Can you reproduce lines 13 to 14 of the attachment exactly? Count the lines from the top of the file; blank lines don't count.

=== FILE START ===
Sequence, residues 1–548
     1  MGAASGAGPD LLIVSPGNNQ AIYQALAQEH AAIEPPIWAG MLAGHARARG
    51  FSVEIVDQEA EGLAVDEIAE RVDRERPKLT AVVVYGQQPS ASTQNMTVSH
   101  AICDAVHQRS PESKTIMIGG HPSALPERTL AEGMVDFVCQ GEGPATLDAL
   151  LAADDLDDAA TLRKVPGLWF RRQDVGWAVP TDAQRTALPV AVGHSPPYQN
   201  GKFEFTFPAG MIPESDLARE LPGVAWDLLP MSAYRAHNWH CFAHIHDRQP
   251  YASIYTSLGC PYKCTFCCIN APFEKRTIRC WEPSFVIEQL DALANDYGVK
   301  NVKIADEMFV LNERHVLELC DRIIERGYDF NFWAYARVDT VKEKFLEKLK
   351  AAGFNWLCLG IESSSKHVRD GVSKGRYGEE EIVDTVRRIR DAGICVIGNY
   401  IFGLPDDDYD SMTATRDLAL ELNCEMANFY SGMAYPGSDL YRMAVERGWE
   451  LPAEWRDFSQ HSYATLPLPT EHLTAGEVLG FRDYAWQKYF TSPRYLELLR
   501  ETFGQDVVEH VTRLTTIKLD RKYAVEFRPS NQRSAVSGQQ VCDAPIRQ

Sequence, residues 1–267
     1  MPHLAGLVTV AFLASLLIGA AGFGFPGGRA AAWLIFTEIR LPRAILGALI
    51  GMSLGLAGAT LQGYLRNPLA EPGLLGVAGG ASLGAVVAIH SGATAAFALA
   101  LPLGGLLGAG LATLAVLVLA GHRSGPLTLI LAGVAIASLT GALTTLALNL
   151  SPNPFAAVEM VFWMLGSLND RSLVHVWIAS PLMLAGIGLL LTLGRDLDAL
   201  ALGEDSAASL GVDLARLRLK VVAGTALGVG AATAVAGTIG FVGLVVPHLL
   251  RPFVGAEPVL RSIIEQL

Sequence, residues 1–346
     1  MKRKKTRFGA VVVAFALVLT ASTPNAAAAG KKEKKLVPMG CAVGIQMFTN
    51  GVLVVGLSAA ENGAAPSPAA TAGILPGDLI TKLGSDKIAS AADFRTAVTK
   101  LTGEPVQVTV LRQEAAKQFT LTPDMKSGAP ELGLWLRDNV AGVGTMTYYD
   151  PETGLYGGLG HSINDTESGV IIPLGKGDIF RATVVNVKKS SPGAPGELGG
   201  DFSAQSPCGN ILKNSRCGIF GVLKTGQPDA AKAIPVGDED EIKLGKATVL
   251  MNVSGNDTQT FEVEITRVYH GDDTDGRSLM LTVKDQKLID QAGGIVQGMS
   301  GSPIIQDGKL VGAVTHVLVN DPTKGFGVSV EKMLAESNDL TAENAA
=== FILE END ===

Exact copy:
Sequence, residues 1–267
     1  MPHLAGLVTV AFLASLLIGA AGFGFPGGRA AAWLIFTEIR LPRAILGALI